Mysophobia is an intense fear of dirt and uncleanliness. It is typically associated with a fear of contamination with germs; some people call it “germaphobia” as a result. This condition can have serious repercussions for people who suffer from it, as they may embark on radical lifestyle changes to avoid situations in which they may potentially be exposed to germs. There are several treatments for this condition which can allow mysophobes to live relatively normal lives.

As with many psychological conditions, the root causes of mysophobia can be varied and difficult to trace. It may be related to various forms of trauma, for example, either experienced first hand or in the form of books and films. Some psychologists believe that conditions like mysophobia also experienced a sharp increase at the end of the 20th century, as people began to be concerned about conditions like AIDS.

The severity of mysophobia varies. Patients tend to feel tense around potential sources of contamination, and they may feel breathless or nauseated as well. Heart rates typically increase, which can make a patient feel physically ill as a result. Many mysophobes engage in obsessive compulsive behavior like washing their hands. Some people go to extreme lengths to avoid situations in which they might get dirty or sick, essentially cutting themselves off from society.

This condition was first described by William Hammond in 1879. Hammond was interested in the role of mysophobia in conditions like obsessive compulsive disorder. It can be easy to confuse mysophobia with obsessive compulsive activities like hand washing, but it is important to remember that the root causes of hand washing in mysophobes and obsessive compulsives are different. A mysophobe washes his or her hands repeatedly out of fear of contamination, while obsessive compulsive patients wash their hands because they feel like they have to in order to maintain the order of their lives.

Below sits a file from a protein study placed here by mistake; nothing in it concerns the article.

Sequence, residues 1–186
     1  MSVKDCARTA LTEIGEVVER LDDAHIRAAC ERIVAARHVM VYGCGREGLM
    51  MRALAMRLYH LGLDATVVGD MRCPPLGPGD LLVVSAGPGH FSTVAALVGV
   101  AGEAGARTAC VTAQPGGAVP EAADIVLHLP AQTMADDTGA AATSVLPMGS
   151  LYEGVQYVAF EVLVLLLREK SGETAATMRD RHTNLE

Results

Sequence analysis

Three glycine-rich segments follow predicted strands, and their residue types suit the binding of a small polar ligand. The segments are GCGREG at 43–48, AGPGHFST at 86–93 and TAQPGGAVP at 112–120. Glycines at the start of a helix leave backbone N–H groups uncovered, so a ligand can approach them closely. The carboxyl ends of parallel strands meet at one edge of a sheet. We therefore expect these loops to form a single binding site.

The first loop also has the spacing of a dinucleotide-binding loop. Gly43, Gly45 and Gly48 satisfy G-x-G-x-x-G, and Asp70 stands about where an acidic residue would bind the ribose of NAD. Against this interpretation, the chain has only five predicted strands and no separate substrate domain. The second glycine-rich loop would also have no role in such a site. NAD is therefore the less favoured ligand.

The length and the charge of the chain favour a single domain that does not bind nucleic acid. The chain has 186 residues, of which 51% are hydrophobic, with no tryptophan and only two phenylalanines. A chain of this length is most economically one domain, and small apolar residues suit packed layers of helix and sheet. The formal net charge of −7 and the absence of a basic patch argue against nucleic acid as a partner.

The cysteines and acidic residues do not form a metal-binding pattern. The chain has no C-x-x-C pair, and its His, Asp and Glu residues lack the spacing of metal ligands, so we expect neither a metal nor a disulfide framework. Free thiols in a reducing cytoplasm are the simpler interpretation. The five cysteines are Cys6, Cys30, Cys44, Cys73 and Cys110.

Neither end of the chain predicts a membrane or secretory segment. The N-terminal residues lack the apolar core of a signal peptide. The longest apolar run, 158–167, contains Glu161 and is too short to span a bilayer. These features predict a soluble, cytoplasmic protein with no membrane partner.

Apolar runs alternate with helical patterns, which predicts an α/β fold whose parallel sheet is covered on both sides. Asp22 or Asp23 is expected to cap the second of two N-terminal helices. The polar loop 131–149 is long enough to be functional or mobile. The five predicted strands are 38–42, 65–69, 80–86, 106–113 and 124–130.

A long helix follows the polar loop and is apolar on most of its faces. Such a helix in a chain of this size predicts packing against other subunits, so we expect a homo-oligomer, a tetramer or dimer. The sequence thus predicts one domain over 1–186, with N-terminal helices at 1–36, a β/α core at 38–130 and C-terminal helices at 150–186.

The most common treatment for mysophobia is cognitive behavioral therapy, which attempts to get to the root cause of the condition and to address the specific concerns of the patient. Techniques like meditation and hypnosis may be utilized as well, along with medications which are designed to treat some of the stress and mental anguish associated with severe mysophobia.

WiseGeek is dedicated to providing accurate and trustworthy information. We carefully select reputable sources and employ a rigorous fact-checking process to maintain the highest standards. To learn more about our commitment to accuracy, read our editorial process.
Mary McMahon
By Mary McMahon

Ever since she began contributing to the site several years ago, Mary has embraced the exciting challenge of being a WiseGeek researcher and writer. Mary has a liberal arts degree from Goddard College and spends her free time reading, cooking, and exploring the great outdoors.

Discussion Comments